I continued to go to counseling throughout high school and ended up back in therapy after I got to college. I was always trying to get off whatever medication they were trying to keep me on. I couldn't shake the thought that these doctors and this medicine were leading me closer and closer to turning into my mother. After a brief hospitalization for a suicide attempt during college, I guess I was finally convinced that maybe...just maybe...there was a reason that I needed to be on this medication and that maybe talking to these doctors was better than not talking at all. Despite that realization, I convinced the doctors at the hospital that I was just fine and that I simply needed to get back to my regular routine. And that's pretty much exactly what happened...until senior year of college. And just like that, that old familiar feeling crept back up and I was back in another hospital...trying to convince doctors that all I needed was to get out.
The last ten years of my life have echoed a lot of what happened during that time in my life....a cycle that I've done my best to stop...or at best, slow down. I'm a firm believer in a mind-over-matter way of dealing with problems....physically, emotionally, or mentally. And for the most part, this philosophy has served me well. Don't get me wrong, I know that modern medicine and practices are justified under certain circumstances. And I certainly have no opinion on how other people cope with their problems. The only person that my opinion serves in this capacity is me. I'm not trying to convince anyone else to think on my level....just want to share my experience in the event that maybe you can relate...or maybe you can finally have a better understanding of someone else that you know that might think similarly. But I digress....as I said, much of the last ten years has been filled with these ups and downs of trying to get control over my depression and my insistence on healing myself versus doctors and medicine doing all the work....which leads me to today.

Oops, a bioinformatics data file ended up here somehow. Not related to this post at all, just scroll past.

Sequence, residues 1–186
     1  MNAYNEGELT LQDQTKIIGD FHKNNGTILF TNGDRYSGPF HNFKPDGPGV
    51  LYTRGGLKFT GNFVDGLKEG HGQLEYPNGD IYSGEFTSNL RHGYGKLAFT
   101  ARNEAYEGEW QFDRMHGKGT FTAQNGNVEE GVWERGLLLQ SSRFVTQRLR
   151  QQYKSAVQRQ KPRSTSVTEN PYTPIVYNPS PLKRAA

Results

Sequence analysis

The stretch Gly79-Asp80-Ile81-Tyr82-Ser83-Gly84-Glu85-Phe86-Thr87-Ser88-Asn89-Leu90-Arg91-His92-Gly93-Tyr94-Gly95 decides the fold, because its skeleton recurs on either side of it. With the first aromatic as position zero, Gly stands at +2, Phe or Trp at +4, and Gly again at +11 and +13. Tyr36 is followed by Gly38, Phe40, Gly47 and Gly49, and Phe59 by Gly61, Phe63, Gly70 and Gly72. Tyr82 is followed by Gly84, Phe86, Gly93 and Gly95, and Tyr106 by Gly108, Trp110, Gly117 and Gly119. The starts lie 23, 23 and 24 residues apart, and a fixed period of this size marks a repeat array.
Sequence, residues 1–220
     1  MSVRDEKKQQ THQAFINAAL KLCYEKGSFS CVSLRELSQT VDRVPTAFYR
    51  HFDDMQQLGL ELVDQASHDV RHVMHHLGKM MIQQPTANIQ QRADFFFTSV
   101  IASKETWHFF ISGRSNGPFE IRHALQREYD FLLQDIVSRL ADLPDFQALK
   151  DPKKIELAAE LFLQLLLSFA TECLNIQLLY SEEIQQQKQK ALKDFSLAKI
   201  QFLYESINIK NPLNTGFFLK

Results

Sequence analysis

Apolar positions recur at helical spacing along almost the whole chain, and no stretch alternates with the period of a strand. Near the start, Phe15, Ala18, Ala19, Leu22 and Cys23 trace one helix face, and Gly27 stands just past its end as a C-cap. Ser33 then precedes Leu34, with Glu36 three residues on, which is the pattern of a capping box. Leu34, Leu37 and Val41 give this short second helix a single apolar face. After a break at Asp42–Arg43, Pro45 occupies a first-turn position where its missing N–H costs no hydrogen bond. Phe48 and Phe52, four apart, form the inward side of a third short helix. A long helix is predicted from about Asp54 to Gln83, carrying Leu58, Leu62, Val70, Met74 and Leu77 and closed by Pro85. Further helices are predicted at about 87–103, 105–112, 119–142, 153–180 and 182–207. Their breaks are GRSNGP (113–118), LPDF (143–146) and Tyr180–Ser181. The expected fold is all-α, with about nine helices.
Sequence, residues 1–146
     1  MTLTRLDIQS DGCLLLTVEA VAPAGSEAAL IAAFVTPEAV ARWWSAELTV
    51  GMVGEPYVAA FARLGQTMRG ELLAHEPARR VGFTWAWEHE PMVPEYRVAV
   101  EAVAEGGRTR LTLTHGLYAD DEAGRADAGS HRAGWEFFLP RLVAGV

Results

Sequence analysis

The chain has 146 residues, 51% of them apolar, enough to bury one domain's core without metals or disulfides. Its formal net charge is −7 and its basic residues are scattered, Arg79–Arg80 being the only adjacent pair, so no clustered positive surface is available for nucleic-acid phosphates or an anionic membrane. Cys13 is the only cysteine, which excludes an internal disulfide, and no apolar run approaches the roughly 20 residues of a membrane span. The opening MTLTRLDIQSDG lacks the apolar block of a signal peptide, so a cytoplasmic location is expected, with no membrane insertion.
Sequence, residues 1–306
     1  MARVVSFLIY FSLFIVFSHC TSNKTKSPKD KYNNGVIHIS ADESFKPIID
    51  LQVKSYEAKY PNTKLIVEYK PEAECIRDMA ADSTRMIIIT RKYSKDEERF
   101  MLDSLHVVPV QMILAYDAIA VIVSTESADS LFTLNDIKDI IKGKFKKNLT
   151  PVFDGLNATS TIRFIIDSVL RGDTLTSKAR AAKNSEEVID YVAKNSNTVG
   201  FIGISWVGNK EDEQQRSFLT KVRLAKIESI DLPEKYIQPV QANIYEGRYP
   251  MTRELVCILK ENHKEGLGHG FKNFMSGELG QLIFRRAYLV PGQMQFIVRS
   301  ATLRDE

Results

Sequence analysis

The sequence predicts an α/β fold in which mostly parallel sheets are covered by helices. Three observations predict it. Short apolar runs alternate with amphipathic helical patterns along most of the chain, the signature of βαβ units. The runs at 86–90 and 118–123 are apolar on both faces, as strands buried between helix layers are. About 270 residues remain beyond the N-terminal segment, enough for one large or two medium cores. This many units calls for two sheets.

To be honest, when I began writing this, it was merely a means of avoiding the sadness...a distraction. As I started writing, it transitioned into something else...confrontation of my feelings and coping. I'm feeling 10 times better writing this sentence than the sentence paragraphs before. Maybe it's only fleeting, but I honestly think it's me taking a turn for the first time in a few weeks. I feel the weight of the world a little less and the silver lining is starting to make itself known to me. It's definitely not over, but it's a step in the right direction.
I hope that in some small way by sharing who I am and what I've been through, it will help you, too. Just know that you're not alone. Don't be afraid to feel what you're feeling...that's usually the only way to really get through it. Just don't allow yourself to get so wrapped up in what you're feeling that you forget that it's only temporary. That is, after all, the beauty of time. Nothing lasts forever....good or bad. It's incredibly important to be mindful of that fact that during good times, it's not permanent...so savor every moment. And during those times when the silver lining can't be found, remember that it's only a matter of time before it reappears. Rainy days and Mondays might always get you down, but even if they do, just keep in mind the sunny days and the rest of the week.